In 1815 there was a further change. Without a trade nor any stomach for acquiring one, the company surrendered its monopoly rights (and licence fees) and the trade was declared open to all but subject to export duty. In a curious arrangement, the government undertook to invest, in government stock, the revenue from the export duty until it reached £610,464, the amount required to yield interest equal to a dividend of 1⁄2% on the company’s ordinary stock. At this point the government stock would be handed over to the company “as a full satisfaction for the Surrender of their exclusive Privileges of Trade, within the existing limits of their charter”. The objective was to maintain the dividend on the ordinary stock at 31⁄2%. In the years immediately following, the export duty yielded about £8,000 p a. Only about 60% of the required fund had been purchased after 28 years and probably the scheme was never completed. In the interim the government subsidised the company, up to a limit of 1⁄2%, for whatever amount was required to maintain the dividend at 31⁄2%: about £2,000 p a rising to £9,000 p a by the 1840s. Thus the government guaranteed the company against a fall in its income from the government!
The company, with its three governors, 21 directors (reduced from 31 in 1753) and a prime London office, had nothing to do but manage the transfers of ordinary stock and annuities, and the payment of the dividends on its capital and the interest on the part of the national debt it was managing, about 4% of the total after the Napoleonic wars. It is surprising that steps to terminate the company were not taken until 1853, when William Gladstone took this action during his first spell as Chancellor of the Exchequer. At that time £2.7 million Old South Sea Annuities, £2 million New and £400,000 of the 1751 issue remained in circulation.
Gladstone needed only to redeem the Exchequer annuity, revoke the company’s charter by Act of Parliament and arrange for the Bank of England to handle the annuities. Instead he tried to push through a reduction in interest rates, offering the holders a bewildering variety of alternative stocks. These were rejected by the company, both in respect of the Exchequer annuity and for a large holding of South Sea annuities which it owned. Altogether, holders of about 75% of these three annuities elected for cash, the remainder mostly converting to a government stock called New 21⁄2%Annuities. The government redeemed the Exchequer annuity on 5th January 1854 and paid off or converted the annuities on 5th April 1854.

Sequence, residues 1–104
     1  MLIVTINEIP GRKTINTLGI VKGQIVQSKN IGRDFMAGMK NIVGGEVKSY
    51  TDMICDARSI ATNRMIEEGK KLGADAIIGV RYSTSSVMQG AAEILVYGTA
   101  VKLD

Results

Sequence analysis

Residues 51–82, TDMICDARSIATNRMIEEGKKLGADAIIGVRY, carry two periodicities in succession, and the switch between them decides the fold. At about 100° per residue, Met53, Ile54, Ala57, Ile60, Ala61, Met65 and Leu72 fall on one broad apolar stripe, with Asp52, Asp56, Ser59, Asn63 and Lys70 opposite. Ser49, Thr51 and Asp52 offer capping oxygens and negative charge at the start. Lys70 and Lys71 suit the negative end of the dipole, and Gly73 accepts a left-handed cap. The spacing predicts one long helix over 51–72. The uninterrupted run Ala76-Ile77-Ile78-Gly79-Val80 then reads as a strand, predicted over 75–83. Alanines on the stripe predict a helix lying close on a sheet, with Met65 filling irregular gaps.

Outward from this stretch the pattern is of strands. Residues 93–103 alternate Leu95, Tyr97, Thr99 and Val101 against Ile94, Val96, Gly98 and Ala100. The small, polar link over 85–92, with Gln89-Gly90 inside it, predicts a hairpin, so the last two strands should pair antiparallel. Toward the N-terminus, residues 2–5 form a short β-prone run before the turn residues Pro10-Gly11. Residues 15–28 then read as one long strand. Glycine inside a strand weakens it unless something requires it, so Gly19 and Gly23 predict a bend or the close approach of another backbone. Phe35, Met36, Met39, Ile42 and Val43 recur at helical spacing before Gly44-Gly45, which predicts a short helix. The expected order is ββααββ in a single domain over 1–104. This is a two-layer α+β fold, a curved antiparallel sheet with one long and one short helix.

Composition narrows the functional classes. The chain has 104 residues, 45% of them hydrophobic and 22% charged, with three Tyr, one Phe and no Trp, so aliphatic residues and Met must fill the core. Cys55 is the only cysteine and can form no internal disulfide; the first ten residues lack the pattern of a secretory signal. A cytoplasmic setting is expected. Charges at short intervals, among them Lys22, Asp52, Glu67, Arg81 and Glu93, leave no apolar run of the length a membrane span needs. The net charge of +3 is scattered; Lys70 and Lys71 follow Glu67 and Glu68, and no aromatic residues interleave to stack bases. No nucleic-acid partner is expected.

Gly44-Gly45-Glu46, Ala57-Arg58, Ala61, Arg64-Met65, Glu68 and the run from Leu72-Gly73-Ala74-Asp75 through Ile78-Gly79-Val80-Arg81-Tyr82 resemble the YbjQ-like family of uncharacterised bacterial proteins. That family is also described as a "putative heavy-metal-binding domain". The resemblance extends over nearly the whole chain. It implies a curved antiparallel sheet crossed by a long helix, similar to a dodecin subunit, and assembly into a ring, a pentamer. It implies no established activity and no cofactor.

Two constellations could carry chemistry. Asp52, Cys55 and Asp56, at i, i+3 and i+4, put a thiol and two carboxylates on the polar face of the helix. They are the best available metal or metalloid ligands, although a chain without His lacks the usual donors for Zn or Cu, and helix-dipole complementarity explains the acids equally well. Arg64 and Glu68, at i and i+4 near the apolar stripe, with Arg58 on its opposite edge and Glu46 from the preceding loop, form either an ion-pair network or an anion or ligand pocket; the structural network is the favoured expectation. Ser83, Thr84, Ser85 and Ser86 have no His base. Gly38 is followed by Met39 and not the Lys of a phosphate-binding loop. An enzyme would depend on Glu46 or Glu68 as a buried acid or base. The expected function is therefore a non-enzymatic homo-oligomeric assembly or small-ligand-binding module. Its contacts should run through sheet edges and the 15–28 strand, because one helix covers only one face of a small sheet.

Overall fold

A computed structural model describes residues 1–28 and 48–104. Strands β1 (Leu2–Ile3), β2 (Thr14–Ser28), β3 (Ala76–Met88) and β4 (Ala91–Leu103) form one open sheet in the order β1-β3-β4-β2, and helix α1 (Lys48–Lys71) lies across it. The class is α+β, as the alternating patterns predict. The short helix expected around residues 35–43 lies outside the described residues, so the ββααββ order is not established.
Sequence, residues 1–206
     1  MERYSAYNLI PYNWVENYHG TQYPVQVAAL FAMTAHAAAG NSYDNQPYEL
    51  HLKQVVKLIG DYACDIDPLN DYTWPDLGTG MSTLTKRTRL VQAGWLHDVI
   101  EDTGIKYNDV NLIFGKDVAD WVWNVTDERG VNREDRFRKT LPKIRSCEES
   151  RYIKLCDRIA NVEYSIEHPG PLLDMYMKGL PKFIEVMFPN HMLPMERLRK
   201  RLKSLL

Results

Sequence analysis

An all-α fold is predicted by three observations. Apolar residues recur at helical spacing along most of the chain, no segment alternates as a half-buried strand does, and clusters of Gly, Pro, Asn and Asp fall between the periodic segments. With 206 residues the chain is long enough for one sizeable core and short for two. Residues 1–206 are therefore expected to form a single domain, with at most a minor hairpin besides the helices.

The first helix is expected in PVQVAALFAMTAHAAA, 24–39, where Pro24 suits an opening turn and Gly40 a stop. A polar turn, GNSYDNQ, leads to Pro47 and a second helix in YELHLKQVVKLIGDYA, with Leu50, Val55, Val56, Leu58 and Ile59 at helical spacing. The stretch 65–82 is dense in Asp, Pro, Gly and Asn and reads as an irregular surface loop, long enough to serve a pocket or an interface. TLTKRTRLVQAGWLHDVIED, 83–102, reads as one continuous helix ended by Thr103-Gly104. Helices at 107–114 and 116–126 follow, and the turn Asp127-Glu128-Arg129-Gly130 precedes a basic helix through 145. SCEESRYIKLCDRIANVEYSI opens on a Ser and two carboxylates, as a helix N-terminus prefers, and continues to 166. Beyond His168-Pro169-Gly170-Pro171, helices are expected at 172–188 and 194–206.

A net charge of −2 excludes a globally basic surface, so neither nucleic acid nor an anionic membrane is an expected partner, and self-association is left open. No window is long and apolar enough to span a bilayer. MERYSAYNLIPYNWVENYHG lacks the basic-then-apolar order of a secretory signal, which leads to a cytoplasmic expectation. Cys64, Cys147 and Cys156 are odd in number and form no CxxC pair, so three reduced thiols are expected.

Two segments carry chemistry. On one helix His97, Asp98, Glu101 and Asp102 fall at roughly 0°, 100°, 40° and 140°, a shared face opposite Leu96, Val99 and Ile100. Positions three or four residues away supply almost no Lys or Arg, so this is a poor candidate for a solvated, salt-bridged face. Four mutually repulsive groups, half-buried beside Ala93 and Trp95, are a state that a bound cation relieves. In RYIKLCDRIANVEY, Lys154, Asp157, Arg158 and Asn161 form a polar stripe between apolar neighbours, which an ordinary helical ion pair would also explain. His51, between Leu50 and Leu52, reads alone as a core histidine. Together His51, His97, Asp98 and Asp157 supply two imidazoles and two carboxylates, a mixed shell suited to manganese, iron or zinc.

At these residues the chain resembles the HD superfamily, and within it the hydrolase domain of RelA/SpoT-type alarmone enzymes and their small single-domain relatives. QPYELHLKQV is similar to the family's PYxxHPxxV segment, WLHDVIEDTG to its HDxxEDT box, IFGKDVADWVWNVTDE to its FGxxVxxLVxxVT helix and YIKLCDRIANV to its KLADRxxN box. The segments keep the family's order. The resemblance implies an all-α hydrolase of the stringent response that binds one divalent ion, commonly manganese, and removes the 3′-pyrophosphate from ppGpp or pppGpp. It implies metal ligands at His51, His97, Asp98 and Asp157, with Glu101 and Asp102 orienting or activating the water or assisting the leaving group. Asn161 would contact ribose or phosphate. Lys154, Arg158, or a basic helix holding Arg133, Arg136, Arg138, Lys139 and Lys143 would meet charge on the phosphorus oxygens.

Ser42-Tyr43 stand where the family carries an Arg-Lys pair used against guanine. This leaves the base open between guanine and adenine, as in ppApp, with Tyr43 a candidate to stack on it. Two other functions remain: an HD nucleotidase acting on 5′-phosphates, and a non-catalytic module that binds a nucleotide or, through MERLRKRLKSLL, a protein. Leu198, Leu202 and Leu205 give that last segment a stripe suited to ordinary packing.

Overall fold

Meanwhile the shareholders were agitating for winding up, but the directors had other ideas. They proposed to convert the company to “undertake the business of execution of trusts” – to act as trustee for anybody willing to appoint them There would be a guarantee fund of £350,000 in addition to the capital. The government was willing (the guarantee would be invested in state funds). The shareholders were less enthusiastic and insisted on provisions by which members not agreeing could be paid out. Twice, the necessary Parliamentary bill was defeated, The Times reporting, without a trace of irony, that it “encountered prolonged opposition from the legal profession under the fear that the creation of a trust company To counter accusations that the directors were delaying matters, in December 1853 the company offered advances to shareholders waiting to be paid out, at 4% interest (reduced to 3% in the next month), which drew the not unreasonable comment that they were being charged to borrow their own money. Thereupon the company arranged to buy the ordinary stock if requested, at £115, raised to £118 in January 1855, these amounts being about £2 above the stock market prices and a little below the forecast asset value. In February 1855, South Sea House in Threadneedle Streetwas sold to an architect, T Nelson, for £56,750, the book value having been £12,000. It was to serve as the Baltic Exchange for some years and was later demolished. In July the company made a first capital distribution to shareholders of £115 per £100 nominal together with its last dividend, which despite the lack of management fee income was 11⁄2% for the six months. The Act terminating the charter received the Royal Assent in the same month, July 1855.
The final shareholders meeting was on 15 February 1856, at which a further £5 per share was distributed, to congratulations all round except perhaps from those who had accepted the company’s first offer of £115. £44,000 was retained against potential remaining liabilities (which to the extent not required may have resulted in another small distribution later) but on that day, 145 years after it was chartered, the Governour and Company of Merchants of Great-Britain Trading to the South-Seas and other Parts of America, and for Encouraging the Fishery, ceased to exist.
Geoffrey L Grant